In an attempt to reconcile the Christian God with the theory of evolution, Teilhard de Chardin developed a synthesis unique and daring for his day, one that summons the full resources of the human person to participate in a cosmic work of love. In this paper, I will consider an image that Teilhard uses to present this challenge. The cosmic tapestry, with its weaving spacetime threads and fibers continually allured by Omega, reveals the tendency of the cosmos to form vast networks, the evolutionary nature of love, the co-evolution of matter and spirit, and the deep interconnectedness among the elements of the universe. As the ultimate source of love, Omega encourages the cosmic tapestry threads to create more complex wholes and elicits a heightened sense of responsible participation in the cosmic work of love. Teilhard's optimistic view of the future emboldens him to propose the final victory of love and the convergence of Spirit in Omega. He states his conviction as follows: "The day will come when... we shall harness for God the energies of love. And, on that day, for the second time in the history of the world, [we] will have discovered fire" (Towards the Future, 86-7).

Kathleen Duffy, SSJ received her Ph.D. in Physics from Drexel University. Currently, she is Professor of Physics at Chestnut Hill College. Formerly, she taught physics at Drexel University, Bryn Mawr College, Ateneo de Manila University and University of the Philippines. She has published research in atomic and molecular physics and in chaos theory in journals such as Physics Review Letters, Journal of Chemical Physics and Chemical Physics Letters, as well as Philippine journals and bulletins. She is presently a member of the Board of Directors of the Metanexus Institute for Religion and Science and Cosmos and Creation. Her current research interest is in the synthetic work of Teilhard de Chardin and its relationship to modern developments in science. She has published some of her work in this field in Teilhard Studies.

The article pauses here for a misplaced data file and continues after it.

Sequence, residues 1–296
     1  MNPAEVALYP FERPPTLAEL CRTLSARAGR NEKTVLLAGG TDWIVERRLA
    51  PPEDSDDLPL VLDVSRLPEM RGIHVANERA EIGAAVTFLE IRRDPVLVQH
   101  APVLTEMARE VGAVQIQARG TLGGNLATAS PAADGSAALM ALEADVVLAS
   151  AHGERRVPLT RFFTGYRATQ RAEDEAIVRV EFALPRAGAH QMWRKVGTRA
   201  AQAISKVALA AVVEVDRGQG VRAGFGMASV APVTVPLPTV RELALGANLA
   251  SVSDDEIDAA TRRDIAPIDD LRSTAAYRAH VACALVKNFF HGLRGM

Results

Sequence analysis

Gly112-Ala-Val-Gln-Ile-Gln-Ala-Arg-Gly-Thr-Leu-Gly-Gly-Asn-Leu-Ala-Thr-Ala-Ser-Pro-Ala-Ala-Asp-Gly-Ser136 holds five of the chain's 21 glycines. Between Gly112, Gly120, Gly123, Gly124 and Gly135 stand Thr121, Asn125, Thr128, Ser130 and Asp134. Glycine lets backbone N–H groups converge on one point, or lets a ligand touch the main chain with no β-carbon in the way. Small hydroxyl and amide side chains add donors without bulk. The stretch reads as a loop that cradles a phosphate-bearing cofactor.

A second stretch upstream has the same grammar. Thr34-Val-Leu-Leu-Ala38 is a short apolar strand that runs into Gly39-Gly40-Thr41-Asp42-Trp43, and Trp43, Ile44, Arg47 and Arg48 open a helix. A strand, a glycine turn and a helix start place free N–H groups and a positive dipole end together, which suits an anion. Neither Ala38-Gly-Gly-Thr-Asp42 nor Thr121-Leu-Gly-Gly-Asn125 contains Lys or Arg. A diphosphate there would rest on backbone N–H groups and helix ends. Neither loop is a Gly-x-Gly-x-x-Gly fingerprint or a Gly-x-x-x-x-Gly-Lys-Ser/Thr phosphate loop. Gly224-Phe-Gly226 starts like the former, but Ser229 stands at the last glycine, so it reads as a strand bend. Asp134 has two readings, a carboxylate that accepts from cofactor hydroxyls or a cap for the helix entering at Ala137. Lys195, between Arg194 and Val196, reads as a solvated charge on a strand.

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Tim Eastman
Plasmas International, Silver Spring, MD
From Objects to Physical Relationships

Prime characteristics of human experience include at least the following: 1 (via cognition) the world of perceptual objects, and 2 (via feeling and love) whereby we experience both physical and human relationship as fundamental. In most interpretations, classical physics is associated with a world-view of perceptual objects as primary the "objective" world. This framework places complex expressions of relatedness, such as altruism, into a "subjective" realm, thus creating the subject-object split. In contrast, modern science points to a world-view of physical fields and ecological systems, which recognizes the centrality of physical relationships. More inclusive "both-and" understandings (external and internal relations / continuity and quantization / particles and waves / parts and wholes / symmetry and asymmetry /...) undercut earlier arguments that set up simple objects, or one pole of these dualities, as primary and relationships as merely subjective. Working from only a world view of perceptual objects encourages the quick dismissal of such relationship-centric notions as altruism. Field theory, nonlinear dynamics, and systems theories help level the philosophical playing field so that the best evidence and arguments from the humanities and the human sciences can be applied to the altruism question without threat of being ultimately undercut by a simplistic reductionism